Wednesday, November 30, 2011

November Roundup

Happy Thanksgiving and Holiday Season! One big meal down, many more to go! Thanks to everyone for participating in our bread challenge. They all look delicious!

Wednesday, November 16, 2011

Olive and Rosemary Focaccia

Posted by Lena

My first focaccia. I got this recipe from a chinese baking book, 手工面包the same book that i got  to make my Chocolate Cherry Bread. All breads in this book are actually handmade, no machine used but as usual knowing myself, i prefer to delegate all these hand work to the word..lazy. I havent eaten a focaccia before..they are sold here but just that i havent tasted them before. My focaccia looks alright to me..afterall it's still a bread..ha! the crumbs ok, maybe the surface a little pale but overall still good to me. Perhaps the next time i should put a little more rosemary onto the holes instead. Actually there are a few versions of focaccia i would like to make but as at now..just this first.

hi protein flour 300gm
salt 5 gm
instant yeast 4 gm
caster sugar 1/2 tbsp
warm water 200ml
olive oil 1 tbsp
some pitted olives and fresh rosemary

Here's how i did using my machine:
1. Combine flour  and salt in a mixing bowl.
2. In another small bowl, combine yeast, sugar and water, stir them together and pour into the flour and salt mixture. On the machine and put in that 1 tablespoon of olive oil. Let it knead for about 10-15 minutes on medium speed until you get a fairly smooth dough. Remove from machine, shape them into a big  ball and let it proof in lightly greased bowl until double its size.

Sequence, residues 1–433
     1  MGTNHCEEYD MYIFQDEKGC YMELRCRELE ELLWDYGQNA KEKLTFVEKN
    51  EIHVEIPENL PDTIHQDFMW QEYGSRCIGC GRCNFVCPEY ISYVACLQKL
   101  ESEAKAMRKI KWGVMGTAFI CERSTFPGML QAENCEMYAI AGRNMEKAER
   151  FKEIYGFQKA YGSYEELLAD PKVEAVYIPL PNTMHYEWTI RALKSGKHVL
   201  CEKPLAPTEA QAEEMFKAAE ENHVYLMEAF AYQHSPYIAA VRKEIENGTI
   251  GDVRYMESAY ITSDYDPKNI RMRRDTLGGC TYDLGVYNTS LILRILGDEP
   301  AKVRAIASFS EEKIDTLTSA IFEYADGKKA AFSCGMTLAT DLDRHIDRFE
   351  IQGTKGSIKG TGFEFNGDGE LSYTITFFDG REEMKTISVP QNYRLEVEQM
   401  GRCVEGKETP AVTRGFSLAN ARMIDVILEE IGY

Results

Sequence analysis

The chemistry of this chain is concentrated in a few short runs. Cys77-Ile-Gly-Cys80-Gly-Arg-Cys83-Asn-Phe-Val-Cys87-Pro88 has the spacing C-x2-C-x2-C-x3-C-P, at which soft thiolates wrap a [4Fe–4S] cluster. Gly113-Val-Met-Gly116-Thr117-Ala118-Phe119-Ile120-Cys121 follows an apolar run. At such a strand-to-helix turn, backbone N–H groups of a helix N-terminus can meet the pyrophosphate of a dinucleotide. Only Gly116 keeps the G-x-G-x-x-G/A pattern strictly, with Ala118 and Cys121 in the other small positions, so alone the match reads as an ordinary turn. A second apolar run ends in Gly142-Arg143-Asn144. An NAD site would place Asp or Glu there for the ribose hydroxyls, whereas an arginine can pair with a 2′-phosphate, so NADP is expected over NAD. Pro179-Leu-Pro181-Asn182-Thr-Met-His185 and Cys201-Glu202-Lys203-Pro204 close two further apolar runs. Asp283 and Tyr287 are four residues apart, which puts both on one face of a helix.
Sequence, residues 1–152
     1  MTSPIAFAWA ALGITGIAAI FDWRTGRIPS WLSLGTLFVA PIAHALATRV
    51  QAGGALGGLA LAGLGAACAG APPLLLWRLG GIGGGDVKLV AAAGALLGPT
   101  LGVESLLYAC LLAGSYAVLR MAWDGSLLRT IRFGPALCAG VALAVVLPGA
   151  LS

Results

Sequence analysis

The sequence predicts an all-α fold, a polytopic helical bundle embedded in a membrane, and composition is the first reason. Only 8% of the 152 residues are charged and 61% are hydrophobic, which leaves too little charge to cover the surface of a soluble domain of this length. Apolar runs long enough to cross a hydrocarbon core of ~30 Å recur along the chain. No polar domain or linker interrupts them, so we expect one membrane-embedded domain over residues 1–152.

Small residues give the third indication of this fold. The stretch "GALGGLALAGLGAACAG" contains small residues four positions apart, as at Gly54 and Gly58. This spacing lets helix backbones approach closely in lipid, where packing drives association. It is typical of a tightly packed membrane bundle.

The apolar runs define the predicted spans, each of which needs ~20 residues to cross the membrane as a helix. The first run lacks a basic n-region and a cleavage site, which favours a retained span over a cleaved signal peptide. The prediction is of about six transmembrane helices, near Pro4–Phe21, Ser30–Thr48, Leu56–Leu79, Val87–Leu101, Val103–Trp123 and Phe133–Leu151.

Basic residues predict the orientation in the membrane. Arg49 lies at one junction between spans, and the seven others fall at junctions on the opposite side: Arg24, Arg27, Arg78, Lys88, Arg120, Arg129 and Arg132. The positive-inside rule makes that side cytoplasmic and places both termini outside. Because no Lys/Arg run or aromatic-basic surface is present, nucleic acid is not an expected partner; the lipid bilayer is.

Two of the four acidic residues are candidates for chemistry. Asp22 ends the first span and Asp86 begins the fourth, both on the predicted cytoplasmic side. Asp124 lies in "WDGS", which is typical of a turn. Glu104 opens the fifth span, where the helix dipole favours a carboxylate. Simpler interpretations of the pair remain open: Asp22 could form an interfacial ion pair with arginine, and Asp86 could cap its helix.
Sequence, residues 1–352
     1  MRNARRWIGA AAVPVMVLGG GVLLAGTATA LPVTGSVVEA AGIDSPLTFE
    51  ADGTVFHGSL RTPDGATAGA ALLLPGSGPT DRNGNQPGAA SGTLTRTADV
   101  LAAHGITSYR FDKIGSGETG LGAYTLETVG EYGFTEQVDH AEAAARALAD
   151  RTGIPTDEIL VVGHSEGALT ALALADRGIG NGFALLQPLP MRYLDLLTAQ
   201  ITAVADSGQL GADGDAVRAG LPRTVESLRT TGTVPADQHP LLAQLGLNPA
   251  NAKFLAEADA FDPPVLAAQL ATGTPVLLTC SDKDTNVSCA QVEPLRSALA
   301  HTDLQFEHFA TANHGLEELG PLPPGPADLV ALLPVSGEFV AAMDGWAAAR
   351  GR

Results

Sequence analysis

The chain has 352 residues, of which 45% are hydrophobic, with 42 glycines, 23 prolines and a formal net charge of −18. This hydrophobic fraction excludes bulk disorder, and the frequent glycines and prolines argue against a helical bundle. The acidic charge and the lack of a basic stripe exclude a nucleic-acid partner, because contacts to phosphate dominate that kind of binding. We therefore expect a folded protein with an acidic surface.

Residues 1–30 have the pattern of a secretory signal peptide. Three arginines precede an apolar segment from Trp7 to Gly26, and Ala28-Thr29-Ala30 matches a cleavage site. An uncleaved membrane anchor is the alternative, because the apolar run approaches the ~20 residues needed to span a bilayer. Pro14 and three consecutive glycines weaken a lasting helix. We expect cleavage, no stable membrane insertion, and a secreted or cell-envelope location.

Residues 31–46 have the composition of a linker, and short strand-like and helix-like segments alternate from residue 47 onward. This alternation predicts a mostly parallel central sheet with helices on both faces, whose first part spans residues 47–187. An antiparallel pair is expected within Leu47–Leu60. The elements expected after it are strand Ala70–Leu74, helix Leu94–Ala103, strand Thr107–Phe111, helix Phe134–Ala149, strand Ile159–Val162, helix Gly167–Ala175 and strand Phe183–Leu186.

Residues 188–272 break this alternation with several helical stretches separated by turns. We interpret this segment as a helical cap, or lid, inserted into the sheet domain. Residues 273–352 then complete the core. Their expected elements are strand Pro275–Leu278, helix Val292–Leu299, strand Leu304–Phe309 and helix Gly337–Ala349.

3.After proofing, remove from bowl, lightly pat the dough into a square shape and shape them into round again ( by folding the square into 3 parts vertically , turn 90C and fold into 3 parts again and shape them into round) . Divide the dough into 3 pieces. Let it rest for 5 minutes.
4. Flatten each dough with a rolling pin, with a thickness of 1 cm and transfer the dough into a lined baking tin for 2nd proof until almost 1.5 or double its size.
5. Using your finger, poke holes all over the dough and top them with pitted black olives . Brush the dough all over with olive oil and sprinkle with fresh rosemary. Bake in a preheated oven at 200C for 15 minutes .

I'm sharing this with the Have the Cake  with their bread challenge for this month.

Monday, November 14, 2011

100% Whole Wheat Rolls

Hi I'm Kyleen, the girl behind sixteenbeans. For the November Challenge, I made whole wheat rolls. 

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I’m a voracious reader, the kind of person who uses reading to procrastinate. I figure that reading since reading is actually educational,  I can feel a lot less guilty about "educating" myself about nineteenth century courtship (courtesy of Jane Eyre) while I'm really supposed to be doing my homework. I will readily admit that a portion of my allowance goes towards expanding my admirable collection of books and that Chapters is my favourite store, ever. Currently, I’m trying to work through the College Board’s 101 Great Books Recommended for College-Bound Readers. So far, I’ve read about four, but hey, I’ve got two more years to read the rest of the books on the list.

Besides trying to slug my way through the long list of impressive classics deemed “great” by the College Board, I also borrow heaps and heaps of cookbooks from the library. I rarely buy cookbooks because I can’t justify spending $40 on recipes that I could just google. But when I won the Culinary Arts Award at my school last year and received a $25 giftcard to Chapters, it seemed only fitting that I use the giftcard to buy a cookbook.

I ended up buying Peter Reinhart’s Artisan Breads Every Day. I’ve tried making bread before, using random internet recipes, but with no avail. Each failed attempt further cemented in my mind that there was a complicated science behind breadmaking which internet recipes were not explaining thoroughly enough.